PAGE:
7 Useful Things I Learned in 2017
This year has been full of ups and downs for me, but overall, I've made some serious moves in my career as a freelance photographer! With the end of the year approaching, I wanted to share some tips that helped me succeed this year. Hopefully I can help some other photographers do the same in 2018!
Creative blocks happen, find a way to work through it. Explore different medias if necessary. Just. Keep. Creating.
I came back from a seven week tour this summer with about 5 GB of unedited content and absolutely no motivation to do anything with it. I felt like I was losing everything I had gained and all I wanted to do was take naps and eat soup. But I knew I had to get out of that slump, and since photography was clearly not inspiring me at the moment, I played around. I painted, I did construction paper art, I carved a bunch of pumpkins and I even made art out of mushroom spores after watching a documentary on Netflix. I did everything but photography for about a month and suddenly, I was back. I couldn't wait until new shows or adventures so I could get my camera out again.
Be confident in your work. Accept compliments but strive to continue improving.
If you're putting everything you have into your art; you're good. But just because you know it and someone else notices it, it doesn't mean you'll stay good. Keep pushing yourself and try new things. Keep impressing people. And the more you try new things, the less often you'll fall into a slump.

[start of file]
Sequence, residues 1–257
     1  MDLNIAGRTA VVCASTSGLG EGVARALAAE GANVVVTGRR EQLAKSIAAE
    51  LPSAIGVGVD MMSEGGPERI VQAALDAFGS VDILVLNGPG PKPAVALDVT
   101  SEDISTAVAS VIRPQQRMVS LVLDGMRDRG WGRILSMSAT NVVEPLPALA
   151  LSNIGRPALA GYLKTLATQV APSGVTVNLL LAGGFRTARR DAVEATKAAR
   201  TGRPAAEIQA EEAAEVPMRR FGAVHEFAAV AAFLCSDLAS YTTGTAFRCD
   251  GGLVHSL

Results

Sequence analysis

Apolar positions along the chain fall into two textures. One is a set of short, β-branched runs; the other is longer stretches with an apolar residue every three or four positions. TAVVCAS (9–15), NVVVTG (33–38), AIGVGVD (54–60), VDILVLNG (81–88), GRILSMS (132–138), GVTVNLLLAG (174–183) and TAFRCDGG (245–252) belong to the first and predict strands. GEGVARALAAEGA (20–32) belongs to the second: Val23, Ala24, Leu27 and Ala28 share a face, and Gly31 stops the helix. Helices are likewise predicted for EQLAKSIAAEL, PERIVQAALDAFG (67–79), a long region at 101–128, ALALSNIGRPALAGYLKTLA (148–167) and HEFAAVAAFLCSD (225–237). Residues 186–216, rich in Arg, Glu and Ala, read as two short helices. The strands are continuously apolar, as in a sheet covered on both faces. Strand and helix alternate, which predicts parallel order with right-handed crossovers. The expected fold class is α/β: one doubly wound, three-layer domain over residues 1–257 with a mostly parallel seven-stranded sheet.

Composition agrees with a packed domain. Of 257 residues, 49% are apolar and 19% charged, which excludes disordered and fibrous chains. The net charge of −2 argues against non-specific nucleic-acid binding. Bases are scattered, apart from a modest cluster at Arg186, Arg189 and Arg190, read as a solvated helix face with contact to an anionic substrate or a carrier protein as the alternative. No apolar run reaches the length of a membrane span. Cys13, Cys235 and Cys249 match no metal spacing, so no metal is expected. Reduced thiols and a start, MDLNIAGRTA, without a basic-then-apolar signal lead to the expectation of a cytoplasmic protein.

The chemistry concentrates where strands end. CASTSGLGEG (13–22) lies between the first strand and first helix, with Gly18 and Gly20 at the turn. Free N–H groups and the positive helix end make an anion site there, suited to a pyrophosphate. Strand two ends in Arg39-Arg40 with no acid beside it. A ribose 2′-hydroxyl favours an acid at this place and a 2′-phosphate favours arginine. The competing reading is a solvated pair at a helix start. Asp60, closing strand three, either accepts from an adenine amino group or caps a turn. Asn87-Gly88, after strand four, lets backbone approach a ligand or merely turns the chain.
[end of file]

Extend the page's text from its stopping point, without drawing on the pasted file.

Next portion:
Try editing like another photographer. Mimic other styles until you can find your own. Create new presets and develop a signature look, then keep upgrading it.
The best compliment I ever get is when someone says they can spot my photos a mile away. No one wants to blend in with the crowd.
Don't be afraid to ask for what you want.
If you're interested in working with a specific band, you can't just expect them to find you. Reach out to them! You'd be surprised how many shoots I've booked just by asking bands if they'd like photos.
Do some research.
Watch tutorials, read an interview, ask another photographer how they got as successful as they did and try it out for yourself.
I've been super into Mango Street tutorials lately. They make videos on different editing techniques, shooting methods and ideas. I love taking their portrait techniques and seeing how I can incorporate them into music photography. (Plus they have a super cute french bulldog who makes appearances in a lot of videos)
Photography is so much more than taking photos. Kindness goes a long way if you want to make it.
While on Warped Tour I met a lot of fellow photographers. Most of them were absolute angels, but there were a few who stood out for being egotistical and rude, looking down on me for who knows what reasons. Maybe because they saw me as competition, or because I was a woman or because I wasn't shooting popular main stage bands with bad reputations. Honestly, who cares. But the point is, no one wants to work with someone who is rude to their peers. Word gets out and potential clients will choose someone else to hire or tour with. No one wants to spend weeks with an asshole.
Long story short: Be nice. Help others. We all have the same passion, choose to create and grow together instead of judging.
Know your worth.
One of the biggest mistakes I made this year was underselling my work. Trying to make a career out of your art is not selling out. Don't let anyone make you feel that way.
Sit down and map out how much you need to make off photography to meet your goals. Set prices for different packages and determine how much you're willing to negotiate if necessary. Remember that clients are paying for your services, your time, your equipment, and your creative eye. Determine how much that's worth and stick with it.